Ovarian follicle

An ovarian follicle (also known as a Graafian follicle in its mature state) is the basic unit of female reproductive biology and is composed of roughly spherical aggregations of cells. It contains a single oocyte. 

An ovarian follicle can be initiated to grow and develop, culminating in ovulation of usually a single competent oocyte in humans. Approximately 10 ovarian follicles begin to mature during a normal menstrual cycle and out of these usually one will turn into a dominant ovarian follicle.

During ovulation, the primary follicle forms the secondary follicle and then the mature vesicular follicle. After rupture, the follicle turns into a corpus luteum and eventually involutes to the corpus albicans

Radiographic features


Following maturations under the development of gonadotropins, small follicles can be seen as small sonolucent rounded structures around the ovary. In the normal physiological state one of the follicles enlarges to ~1 cm to become a dominant follicle which grows further to ~2.5 cm 1. This is then called an ovarian follicular cyst.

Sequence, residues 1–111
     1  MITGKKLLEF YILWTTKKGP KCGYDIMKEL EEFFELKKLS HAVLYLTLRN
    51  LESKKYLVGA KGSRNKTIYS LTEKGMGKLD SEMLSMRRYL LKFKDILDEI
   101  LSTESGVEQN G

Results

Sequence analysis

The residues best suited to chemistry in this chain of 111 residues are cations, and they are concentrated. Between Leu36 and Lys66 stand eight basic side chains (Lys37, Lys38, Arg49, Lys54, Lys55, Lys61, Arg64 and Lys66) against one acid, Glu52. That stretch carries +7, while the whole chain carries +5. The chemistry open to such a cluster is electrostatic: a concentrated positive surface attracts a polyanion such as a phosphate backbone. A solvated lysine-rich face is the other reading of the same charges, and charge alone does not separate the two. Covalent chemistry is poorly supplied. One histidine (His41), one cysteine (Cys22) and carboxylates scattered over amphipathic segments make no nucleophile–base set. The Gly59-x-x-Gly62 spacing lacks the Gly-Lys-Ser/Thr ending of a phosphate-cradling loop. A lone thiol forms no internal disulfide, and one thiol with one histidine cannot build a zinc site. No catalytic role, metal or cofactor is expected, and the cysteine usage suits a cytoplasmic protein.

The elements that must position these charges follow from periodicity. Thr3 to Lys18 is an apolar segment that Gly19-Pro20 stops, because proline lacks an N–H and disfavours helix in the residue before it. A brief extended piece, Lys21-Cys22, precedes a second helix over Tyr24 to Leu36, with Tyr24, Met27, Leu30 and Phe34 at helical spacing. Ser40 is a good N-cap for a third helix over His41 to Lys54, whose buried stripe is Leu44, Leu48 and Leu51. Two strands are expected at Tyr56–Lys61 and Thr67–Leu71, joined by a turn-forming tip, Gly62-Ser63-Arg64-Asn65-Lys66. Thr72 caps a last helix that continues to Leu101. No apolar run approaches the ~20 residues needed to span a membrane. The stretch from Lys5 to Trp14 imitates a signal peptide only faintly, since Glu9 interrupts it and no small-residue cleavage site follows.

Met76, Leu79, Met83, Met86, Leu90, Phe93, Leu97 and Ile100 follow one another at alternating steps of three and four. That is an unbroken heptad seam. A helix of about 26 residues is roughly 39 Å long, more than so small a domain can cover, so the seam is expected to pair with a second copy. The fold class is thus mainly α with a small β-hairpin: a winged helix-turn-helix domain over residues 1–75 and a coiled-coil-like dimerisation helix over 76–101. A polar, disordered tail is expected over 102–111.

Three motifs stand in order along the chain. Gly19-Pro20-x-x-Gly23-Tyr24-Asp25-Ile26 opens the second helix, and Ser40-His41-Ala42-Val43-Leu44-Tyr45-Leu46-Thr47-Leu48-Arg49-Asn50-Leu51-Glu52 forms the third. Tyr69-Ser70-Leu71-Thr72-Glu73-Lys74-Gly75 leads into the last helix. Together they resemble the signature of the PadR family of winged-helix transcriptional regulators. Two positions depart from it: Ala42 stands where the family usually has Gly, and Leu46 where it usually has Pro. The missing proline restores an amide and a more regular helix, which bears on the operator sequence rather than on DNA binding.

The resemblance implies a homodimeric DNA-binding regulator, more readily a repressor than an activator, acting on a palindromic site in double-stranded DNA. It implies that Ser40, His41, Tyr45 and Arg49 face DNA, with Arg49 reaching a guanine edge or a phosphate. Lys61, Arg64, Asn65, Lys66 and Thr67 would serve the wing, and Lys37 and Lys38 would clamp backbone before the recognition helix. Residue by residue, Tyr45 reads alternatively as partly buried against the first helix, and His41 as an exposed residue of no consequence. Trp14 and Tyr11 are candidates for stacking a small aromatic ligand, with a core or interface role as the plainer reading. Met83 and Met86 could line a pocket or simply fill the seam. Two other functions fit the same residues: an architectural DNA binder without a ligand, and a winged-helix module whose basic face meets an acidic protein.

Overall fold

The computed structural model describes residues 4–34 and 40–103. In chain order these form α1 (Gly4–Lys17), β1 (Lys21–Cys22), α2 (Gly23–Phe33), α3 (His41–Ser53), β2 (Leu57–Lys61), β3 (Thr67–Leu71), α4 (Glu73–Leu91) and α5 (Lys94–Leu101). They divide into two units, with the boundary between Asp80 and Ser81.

See the 1-2-3 rule.

Pelvic MRI

Ovarian follicles as well as follicular cysts may be seen as rounded structures around the ovary. 

Signal characteristics within the follicle include:

  • T2: high signal (as with many fluid filled entities)

History and etymology

It is named after Reinier de Graaf: Dutch physician and anatomist (1641-1673).

Anatomy: Abdominopelvic
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Article information

rID: 15060
System: Gynaecology
Section: Anatomy
Tag: cases, cases
Synonyms or Alternate Spellings:
  • Graafian follicle
  • Ovarian follicles
  • Graafian follicles

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